Chris Blakely, Vice President of Client Services at comScore, seems to be singing from the same hymn sheet. For him, the biggest trend for 2012 is: “Continued growth of smartphone ownership in general, and the use of Android and iOS platforms in particular, which are the core ‘rising tide that lifts all boats.’”

For many firms, said Max Starkov, President and Chief Executive of HebsDigital, the mobile channel is already a real travel planning and hotel distribution channel, and this is especially true for so-called “drive-in and last-minute travel markets.” But going forward, even that may be changing. Vice President for Corporate Strategy, Todd Henrich, said that all the research points to the fact that consumers are becoming more mobile, and before long they will be booking travel via mobile too – and this, he says, “this won’t necessarily just be the case for last-minute bookings.”


It may still be a minority of smartphone users who are using their phones to transact, pay bills, shop, and interact, but this is changing as consumers become increasingly comfortable using their phone for commerce. This trend will only continue. In fact during May, online travel agency, Orbitz, reported that 6 million people used a mobile device to shop for travel, more than doubling numbers on the previous year. During the first quarter of the year, more than 9 percent of Orbitz hotel bookings were made via mobile devices.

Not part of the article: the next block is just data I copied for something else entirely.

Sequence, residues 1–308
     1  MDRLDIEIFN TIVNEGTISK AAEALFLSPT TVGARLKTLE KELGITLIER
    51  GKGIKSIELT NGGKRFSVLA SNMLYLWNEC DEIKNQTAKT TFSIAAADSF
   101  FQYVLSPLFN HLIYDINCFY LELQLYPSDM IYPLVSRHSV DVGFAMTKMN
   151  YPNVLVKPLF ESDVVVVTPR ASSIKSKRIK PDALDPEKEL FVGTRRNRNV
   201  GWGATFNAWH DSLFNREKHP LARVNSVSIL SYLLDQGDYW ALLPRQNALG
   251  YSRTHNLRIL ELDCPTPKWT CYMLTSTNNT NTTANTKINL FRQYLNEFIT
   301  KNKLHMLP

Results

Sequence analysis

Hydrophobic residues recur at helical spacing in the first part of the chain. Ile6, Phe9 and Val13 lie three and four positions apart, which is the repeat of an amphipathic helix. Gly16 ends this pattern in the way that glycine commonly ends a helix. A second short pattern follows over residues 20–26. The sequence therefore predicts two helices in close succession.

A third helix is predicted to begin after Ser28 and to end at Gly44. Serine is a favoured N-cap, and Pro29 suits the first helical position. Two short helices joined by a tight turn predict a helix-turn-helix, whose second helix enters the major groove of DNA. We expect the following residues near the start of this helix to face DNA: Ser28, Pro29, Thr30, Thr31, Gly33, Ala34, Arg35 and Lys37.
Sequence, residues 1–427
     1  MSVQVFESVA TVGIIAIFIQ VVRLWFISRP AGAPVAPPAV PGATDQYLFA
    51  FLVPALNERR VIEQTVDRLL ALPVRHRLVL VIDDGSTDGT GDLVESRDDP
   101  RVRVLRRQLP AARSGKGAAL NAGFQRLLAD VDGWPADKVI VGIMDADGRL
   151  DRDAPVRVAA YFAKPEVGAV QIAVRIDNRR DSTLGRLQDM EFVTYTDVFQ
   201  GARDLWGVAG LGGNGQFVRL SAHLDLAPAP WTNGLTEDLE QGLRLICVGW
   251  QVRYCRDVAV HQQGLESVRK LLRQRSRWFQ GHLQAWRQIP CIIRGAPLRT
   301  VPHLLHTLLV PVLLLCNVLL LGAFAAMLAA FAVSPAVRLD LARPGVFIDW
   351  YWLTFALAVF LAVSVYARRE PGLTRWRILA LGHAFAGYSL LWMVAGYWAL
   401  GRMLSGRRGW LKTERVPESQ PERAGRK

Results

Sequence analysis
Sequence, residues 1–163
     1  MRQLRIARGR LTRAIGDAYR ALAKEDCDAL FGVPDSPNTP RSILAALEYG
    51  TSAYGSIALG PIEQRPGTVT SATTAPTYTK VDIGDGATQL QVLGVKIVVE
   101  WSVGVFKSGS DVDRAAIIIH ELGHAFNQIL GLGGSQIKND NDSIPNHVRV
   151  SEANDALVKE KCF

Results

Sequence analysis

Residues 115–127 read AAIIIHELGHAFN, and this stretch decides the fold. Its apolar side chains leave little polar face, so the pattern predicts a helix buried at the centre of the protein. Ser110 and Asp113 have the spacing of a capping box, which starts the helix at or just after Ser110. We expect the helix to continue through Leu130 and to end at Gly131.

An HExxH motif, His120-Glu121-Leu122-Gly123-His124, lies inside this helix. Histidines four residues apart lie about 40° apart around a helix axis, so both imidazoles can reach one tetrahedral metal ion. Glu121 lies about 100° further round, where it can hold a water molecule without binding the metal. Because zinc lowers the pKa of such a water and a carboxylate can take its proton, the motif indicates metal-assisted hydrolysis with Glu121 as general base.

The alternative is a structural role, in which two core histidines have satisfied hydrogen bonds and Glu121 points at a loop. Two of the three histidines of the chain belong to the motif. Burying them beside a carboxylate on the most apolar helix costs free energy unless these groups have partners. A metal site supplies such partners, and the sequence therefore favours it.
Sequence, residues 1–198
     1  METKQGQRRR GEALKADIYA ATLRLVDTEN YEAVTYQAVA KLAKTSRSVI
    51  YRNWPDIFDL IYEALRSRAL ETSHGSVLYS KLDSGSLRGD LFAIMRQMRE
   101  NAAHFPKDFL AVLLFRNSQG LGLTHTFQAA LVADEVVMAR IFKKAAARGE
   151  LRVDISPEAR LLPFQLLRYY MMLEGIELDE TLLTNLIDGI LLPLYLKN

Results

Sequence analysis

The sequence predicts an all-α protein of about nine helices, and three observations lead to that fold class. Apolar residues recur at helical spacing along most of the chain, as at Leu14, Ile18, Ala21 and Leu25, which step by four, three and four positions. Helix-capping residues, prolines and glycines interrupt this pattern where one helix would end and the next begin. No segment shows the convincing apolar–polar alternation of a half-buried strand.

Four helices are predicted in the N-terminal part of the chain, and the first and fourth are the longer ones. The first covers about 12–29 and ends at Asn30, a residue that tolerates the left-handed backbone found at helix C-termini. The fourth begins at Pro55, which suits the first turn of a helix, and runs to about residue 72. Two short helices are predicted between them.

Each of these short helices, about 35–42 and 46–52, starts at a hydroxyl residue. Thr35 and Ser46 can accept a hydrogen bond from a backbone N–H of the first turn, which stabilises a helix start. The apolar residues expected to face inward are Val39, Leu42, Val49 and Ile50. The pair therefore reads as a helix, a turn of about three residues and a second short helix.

Comscore, for one, is seeing big across-the-board growth in categories involving mobile transactions. “Consumers are becoming increasingly comfortable using their phone for commerce, and this is a trend that will only continue,” said Blakely.

But when it comes to what technology will win the day in mobile commerce, this is still very much the Wild West.

“Any technology that makes commerce even easier on mobile devices is going to gain huge traction. I’m looking forward to the day that I no longer have to carry a wallet, and I think that day isn’t too far off. NFC isn’t the only means of getting there, but it certainly looks like a promising one,” said Simon.